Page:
At the Zoo
Our rheas can be found in the mixed species Puente al Sur exhibit.
- Rheas have strong legs and can run up to 37 miles per hour.
- Males will occasionally “adopt” lost chicks who have been separated from their natal group.
- They are the largest bird in the Americas.
- When in danger they run in a zig-zag pattern, utilizing first one wing and then the other, similar to a rudder steering a boat.
Rheas are large, flightless birds that can grow to nearly five feet and weigh over 50 pounds. Like ostrich and emu, they have a long neck, powerful legs and strong toes. Feathers hang loose giving the birds a shaggy appearance. Both males and females have gray-brown plumage and black around the neck. Males tend to be larger and have a darker coloration around the neck and back. Chicks are grey with dark stripes.
Lifespan is about 15 years.
Rheas are found in southeastern South America, including Brazil, Uruguay, Bolivia, Paraguay and Argentina. These birds roam open pampas, tall grasslands and sparse woodlands.
They eat leaves, roots, fruit, seeds, as well as insects, small mammals and reptiles. At the zoo, they are fed a ratite pellet diet and fresh greens.
Throughout most of the year, rheas are social and form flocks of between 10 and 100 birds. Prior to breeding season, which lasts from August to January, females break into small groups while males claim and defend a territory. Male rheas perform courtship displays involving booming calls and wing shaking in an attempt to attract females.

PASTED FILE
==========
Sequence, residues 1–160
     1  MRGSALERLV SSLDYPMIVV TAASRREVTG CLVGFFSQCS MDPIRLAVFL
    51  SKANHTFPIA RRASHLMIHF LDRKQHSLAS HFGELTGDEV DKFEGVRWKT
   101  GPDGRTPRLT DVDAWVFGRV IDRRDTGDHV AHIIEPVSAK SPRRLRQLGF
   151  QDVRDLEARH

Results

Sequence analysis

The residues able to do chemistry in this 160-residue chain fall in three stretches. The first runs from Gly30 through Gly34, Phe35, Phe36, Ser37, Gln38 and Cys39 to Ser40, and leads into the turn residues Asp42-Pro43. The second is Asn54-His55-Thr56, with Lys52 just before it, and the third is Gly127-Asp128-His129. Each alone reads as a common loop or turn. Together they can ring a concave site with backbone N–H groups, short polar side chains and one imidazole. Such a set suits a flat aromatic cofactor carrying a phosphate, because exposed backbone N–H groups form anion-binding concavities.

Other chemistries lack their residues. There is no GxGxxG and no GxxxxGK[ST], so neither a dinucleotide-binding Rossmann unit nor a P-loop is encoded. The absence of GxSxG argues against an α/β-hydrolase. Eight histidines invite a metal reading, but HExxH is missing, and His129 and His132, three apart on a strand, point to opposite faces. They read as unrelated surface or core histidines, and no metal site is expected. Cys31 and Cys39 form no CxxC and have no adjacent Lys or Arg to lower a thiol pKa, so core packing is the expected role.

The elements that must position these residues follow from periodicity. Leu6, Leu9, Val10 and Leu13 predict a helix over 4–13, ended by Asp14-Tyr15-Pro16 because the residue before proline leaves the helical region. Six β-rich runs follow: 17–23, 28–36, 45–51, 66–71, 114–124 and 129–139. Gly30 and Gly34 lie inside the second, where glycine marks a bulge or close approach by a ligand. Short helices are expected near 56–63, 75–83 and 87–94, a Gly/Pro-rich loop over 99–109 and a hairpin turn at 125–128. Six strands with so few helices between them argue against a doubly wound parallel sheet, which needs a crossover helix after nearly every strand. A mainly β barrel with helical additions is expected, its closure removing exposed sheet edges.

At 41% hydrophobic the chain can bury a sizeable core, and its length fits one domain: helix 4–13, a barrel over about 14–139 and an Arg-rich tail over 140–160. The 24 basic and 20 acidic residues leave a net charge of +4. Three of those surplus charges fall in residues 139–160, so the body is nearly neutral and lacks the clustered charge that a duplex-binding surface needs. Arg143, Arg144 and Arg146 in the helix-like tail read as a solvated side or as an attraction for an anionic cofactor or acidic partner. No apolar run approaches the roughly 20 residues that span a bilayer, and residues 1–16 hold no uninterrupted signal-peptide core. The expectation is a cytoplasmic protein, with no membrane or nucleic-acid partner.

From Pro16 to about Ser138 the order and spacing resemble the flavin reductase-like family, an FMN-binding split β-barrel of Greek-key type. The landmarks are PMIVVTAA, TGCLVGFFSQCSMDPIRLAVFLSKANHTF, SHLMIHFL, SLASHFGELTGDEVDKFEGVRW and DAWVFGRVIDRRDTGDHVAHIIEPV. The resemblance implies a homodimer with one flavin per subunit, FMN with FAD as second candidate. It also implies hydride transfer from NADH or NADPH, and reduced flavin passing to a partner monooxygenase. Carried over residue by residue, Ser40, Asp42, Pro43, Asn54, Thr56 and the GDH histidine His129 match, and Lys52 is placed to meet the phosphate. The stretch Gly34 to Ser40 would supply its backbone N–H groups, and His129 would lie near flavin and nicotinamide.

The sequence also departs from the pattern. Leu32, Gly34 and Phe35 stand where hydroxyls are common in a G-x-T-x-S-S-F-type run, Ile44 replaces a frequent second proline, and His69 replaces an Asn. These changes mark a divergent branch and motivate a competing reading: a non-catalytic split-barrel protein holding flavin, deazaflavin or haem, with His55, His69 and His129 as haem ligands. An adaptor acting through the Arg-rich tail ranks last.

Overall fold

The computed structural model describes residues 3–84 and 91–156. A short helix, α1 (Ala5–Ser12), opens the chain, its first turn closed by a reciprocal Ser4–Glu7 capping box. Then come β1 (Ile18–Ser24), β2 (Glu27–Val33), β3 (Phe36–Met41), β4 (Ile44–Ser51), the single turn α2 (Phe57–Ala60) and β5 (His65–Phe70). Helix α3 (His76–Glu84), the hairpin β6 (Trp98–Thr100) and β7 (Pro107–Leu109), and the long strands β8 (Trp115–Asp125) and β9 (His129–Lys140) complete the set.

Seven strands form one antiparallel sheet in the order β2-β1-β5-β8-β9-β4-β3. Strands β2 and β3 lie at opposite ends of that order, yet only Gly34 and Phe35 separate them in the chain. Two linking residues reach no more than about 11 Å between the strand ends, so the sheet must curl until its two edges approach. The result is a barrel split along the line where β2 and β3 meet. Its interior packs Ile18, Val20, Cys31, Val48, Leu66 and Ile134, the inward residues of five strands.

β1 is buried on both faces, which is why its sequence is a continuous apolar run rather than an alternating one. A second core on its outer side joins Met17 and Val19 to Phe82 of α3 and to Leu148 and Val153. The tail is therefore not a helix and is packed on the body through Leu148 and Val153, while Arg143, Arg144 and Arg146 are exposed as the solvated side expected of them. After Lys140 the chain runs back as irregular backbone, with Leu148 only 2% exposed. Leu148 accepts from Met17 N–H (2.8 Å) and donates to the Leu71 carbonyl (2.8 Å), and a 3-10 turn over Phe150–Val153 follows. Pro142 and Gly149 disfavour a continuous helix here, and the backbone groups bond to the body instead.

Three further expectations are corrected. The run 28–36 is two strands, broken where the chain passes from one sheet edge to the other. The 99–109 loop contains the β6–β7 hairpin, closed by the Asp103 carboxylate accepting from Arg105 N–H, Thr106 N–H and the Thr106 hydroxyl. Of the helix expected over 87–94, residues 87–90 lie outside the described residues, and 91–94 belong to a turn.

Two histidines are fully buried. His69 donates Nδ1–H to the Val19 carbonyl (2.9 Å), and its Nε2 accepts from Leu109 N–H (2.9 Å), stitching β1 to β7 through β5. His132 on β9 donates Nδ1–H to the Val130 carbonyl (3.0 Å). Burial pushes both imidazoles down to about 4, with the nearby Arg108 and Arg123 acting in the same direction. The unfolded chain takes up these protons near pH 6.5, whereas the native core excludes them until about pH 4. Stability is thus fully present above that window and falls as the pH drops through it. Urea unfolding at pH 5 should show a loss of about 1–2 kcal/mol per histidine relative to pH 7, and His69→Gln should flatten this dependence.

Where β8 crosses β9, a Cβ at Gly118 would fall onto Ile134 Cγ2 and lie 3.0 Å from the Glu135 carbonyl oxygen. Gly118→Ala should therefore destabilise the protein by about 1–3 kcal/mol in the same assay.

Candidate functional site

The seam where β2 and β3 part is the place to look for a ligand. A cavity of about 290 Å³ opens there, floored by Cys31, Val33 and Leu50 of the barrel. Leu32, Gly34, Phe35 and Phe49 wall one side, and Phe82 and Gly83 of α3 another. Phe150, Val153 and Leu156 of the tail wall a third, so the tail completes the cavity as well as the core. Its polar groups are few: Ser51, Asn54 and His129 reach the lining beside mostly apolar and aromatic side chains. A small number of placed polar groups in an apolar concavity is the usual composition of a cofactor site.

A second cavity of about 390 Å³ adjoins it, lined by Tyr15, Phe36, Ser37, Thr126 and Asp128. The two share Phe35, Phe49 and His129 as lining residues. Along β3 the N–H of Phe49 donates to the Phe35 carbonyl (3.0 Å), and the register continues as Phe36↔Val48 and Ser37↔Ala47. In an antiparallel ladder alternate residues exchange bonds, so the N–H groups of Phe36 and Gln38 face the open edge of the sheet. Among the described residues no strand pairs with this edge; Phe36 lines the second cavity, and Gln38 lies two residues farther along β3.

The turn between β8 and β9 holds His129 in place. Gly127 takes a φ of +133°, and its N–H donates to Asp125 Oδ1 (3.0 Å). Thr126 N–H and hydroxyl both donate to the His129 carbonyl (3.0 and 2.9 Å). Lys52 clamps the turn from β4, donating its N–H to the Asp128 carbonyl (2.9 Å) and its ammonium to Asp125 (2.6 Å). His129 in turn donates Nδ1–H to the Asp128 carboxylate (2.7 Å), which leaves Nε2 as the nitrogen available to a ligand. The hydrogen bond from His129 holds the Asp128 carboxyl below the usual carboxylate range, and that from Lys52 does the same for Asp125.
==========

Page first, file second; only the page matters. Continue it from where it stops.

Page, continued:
Unlike most animals on Earth, rheas engage in almost exclusive paternal care. Nests are created by males and consist of a simple shallow depression that is lined with vegetation. Several females will lay eggs in each male’s nest, which can result in up to 30 eggs in a single nest. Afterward, females typically venture off to find another mate and lay more eggs, leaving the male to incubate alone. Chicks hatch after 35-40 days and are cared for by the male for 4-6 months. Juveniles are often seen in groups for up to 2 years.
Status In The Wild
Greater rhea are listed as near threatened by the IUCN. Major threats include hunting for meat, feathers and eggs as well as habitat loss. Additionally, they are persecuted by farmers due to their habit of eating crops